The Year Was 1905

The year was 1905 and it marked the end of the Russo-Japanese War, which was fought over a dispute stemming from Russia’s occupation of territory in Manchuria. Losing a series of costly battles made the war unpopular in Russia. In January 1905 when protesters assembled at the Tsar’s Winter Palace in St. Petersburg to present a petition asking for better working conditions and an end to the Russo-Japanese War, the Imperial Guard opened fire on the crowd turning the peaceful protest into a massacre. “Bloody Sunday” led to riots and strikes throughout Russia as resentment for the Tsar spread. The disorganized Revolution of 1905 forced the Tsar into concessions, many of which were quickly withdrawn, leaving little change other than the temporary break-up of the revolutionary factions that were fighting for change. 

Norway, which had been united with Sweden since 1814, made a peaceful break and became in independent nation with the signing of the Karlstad Agreement.

Canada added two new provinces in 1905 as Alberta and Saskatchewan, formerly part of the Northwest Territories, joined the Canadian Confederation.

The railroad town of Las Vegas, Nevada was founded in 1905 as one hundred and ten acres of land were auctioned off. The city would be incorporated in 1911 with a population of around eight hundred. Legislation passed that year would make the city a popular destination for “quickie” divorces for people who would meet the short residency requirement of six weeks staying in dude ranches along the area that would later become the famous Las Vegas Strip.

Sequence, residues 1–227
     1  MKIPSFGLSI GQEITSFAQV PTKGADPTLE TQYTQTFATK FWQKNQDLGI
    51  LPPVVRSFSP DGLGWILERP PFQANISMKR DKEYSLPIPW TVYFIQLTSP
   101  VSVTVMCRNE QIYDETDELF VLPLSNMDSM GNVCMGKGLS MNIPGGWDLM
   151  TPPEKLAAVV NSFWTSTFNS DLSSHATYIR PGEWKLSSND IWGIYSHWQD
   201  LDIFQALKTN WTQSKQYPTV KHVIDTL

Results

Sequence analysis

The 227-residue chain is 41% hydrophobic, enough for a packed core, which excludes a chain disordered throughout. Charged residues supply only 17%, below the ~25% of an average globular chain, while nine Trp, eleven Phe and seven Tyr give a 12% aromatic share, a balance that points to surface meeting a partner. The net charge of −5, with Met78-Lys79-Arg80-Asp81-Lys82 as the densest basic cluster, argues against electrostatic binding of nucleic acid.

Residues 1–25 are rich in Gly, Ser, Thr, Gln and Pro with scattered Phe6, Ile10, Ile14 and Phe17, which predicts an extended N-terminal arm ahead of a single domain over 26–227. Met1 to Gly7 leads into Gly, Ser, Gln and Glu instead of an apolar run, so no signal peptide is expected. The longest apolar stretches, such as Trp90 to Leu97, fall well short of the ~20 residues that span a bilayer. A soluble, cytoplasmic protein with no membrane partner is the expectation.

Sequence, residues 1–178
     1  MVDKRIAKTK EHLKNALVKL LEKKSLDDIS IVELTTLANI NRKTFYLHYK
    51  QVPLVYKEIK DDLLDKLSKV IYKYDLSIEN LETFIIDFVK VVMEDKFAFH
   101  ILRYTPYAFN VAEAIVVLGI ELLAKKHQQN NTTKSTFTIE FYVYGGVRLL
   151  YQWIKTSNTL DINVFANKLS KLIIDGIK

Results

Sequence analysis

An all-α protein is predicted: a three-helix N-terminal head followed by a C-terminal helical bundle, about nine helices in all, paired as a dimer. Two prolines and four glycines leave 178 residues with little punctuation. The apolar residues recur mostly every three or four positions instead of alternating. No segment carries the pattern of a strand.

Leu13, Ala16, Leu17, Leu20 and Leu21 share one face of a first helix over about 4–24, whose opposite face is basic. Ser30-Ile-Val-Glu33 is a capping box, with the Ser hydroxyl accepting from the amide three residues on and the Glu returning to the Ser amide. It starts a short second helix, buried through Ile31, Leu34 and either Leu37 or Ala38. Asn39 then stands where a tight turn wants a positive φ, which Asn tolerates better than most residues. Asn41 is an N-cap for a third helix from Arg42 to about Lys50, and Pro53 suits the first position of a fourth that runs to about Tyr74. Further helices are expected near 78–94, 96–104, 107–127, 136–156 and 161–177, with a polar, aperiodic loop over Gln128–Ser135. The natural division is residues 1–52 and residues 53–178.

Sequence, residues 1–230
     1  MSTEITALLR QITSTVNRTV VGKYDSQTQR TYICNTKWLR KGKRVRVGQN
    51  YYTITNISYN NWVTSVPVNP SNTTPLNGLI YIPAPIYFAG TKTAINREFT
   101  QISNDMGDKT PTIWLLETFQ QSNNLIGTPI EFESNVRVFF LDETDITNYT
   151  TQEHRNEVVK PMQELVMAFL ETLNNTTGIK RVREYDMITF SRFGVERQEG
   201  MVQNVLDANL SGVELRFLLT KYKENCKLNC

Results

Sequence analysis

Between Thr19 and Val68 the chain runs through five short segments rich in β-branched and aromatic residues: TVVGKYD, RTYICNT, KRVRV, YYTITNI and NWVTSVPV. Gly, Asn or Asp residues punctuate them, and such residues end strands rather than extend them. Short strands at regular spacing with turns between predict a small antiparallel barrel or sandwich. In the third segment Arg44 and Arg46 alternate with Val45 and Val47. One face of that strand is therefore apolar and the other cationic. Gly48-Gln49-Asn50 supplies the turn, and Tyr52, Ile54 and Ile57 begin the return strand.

The Wright brothers were still working on perfecting their airplane and by 1905 they were able to better control the aircraft allowing for turns and figure eights, and remain in flight for more than thirty minutes until the plane ran out of gas. This first practical airplane launched the aviation industry–an industry that literally “took off” in the ensuing years. (Sorry, I couldn’t resist!)

Prior to 1905, cocaine was popularly used as a local anesthetic, but its addictive properties made it too dangerous. In 1905, Alfred Einhorn created Novocaine, which could then be used in surgeries, dulling the pain and constricting blood vessels to reduce bleeding. It is primarily used in dental offices these days, causing dental patients to drool and talk like they have a mouth full of marbles following a filling. 

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